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Affected by the pandemic Ph.D. students face funding for the cliff

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 Affected by the pandemic Ph.D.  students face funding for the cliff

Rutgers University tells graduate students whose studies have been postponed due to COVID-19 that there is no more money to expand their funding packages.

Using federal emergency funds, the university offered one round of funding extensions one year earlier during the pandemic to students who had already earned a Ph.D. candidacy. But since the pandemic did not end a year later, some who received this extension required extra time to complete their dissertation, due to factors beyond their control, such as closed archives and restrictions on international travel.

Other students who were on a funding shortfall were not eligible for this only previous extension opportunity or were unaware of it, which means they essentially have to complete their degree on schedule as if a pandemic had never happened.

As a result, some students in their final year of funding are now considering leaving their programs without a degree at all. It’s instead of re-enrolling in the fall to face tuition bills and student fees that they can’t pay: not only will the assistantship scholarship, about $ 30,000, end, but their tuition will be dismissed. Adding to this sense of insecurity, Rutgers is turning postgraduate health insurance over when their funding runs out – in many cases next month.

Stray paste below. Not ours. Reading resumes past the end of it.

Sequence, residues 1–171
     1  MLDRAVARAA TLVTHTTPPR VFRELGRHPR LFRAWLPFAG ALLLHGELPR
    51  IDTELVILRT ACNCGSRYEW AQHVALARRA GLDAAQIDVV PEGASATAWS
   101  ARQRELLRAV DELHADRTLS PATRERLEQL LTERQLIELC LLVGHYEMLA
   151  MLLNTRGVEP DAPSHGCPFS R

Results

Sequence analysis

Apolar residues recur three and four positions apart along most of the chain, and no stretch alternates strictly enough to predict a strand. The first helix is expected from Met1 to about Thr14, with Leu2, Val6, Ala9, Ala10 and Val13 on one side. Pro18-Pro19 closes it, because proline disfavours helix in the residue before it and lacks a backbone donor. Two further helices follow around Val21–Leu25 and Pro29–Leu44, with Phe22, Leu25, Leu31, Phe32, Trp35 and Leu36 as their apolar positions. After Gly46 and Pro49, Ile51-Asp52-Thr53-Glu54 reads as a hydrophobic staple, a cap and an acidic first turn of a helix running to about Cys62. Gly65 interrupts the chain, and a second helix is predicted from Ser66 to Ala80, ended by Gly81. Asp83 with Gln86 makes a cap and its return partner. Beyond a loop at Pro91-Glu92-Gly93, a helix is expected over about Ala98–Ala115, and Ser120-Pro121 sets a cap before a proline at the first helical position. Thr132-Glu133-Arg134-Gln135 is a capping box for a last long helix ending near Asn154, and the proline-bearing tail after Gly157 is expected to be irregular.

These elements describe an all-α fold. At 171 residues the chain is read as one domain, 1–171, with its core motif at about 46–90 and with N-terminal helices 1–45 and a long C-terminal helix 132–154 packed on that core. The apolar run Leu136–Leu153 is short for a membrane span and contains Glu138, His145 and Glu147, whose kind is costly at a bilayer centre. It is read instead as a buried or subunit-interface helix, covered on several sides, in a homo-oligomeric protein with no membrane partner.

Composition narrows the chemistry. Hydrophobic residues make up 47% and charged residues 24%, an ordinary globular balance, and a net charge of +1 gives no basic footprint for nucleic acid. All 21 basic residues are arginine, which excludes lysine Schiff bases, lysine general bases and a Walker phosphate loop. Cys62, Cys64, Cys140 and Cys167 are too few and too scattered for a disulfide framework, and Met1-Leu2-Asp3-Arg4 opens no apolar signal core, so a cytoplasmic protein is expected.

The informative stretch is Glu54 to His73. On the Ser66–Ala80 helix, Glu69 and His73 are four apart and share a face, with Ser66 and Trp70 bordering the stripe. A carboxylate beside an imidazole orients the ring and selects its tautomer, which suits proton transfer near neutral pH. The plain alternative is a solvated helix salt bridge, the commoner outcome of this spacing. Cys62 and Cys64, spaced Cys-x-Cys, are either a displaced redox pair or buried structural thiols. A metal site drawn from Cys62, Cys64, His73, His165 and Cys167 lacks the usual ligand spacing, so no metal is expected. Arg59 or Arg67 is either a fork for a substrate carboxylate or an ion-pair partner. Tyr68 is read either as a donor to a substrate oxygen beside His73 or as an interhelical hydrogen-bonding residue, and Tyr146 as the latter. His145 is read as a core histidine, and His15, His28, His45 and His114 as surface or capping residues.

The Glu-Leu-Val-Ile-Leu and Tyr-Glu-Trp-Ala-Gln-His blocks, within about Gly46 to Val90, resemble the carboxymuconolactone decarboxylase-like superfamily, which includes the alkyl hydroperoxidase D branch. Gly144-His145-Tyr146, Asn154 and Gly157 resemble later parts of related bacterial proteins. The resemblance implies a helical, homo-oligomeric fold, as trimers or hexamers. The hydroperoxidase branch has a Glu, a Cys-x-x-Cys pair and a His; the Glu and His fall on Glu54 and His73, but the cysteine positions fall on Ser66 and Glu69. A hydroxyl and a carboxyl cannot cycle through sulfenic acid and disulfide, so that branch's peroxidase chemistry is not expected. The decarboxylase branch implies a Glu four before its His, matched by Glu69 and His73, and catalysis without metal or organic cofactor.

According to the American Association of Teachers of Rutgers University and the American Federation of Teachers, 150 to 200 students were affected.

“Research is cumulative – you need time to build on it, so if you’ve supported or stopped for a while, it’s harder to do,” said Ajua Kouadio, a fifth-year Ph.D. candidate of educational policy whose archival research in New York and Boston were suspended for about a year until vaccines became widely available.Despite this gap, Quadio was notified by email in late January that her initial five-year funding package would end without an extension in June.

Quadio said she had never been told about the possibility of expanding funding, and that if Rutgers had told her earlier that he had no plans to help her graduate, she would have applied for external funding. But by the beginning of 2022, according to her, many deadlines for grants have passed.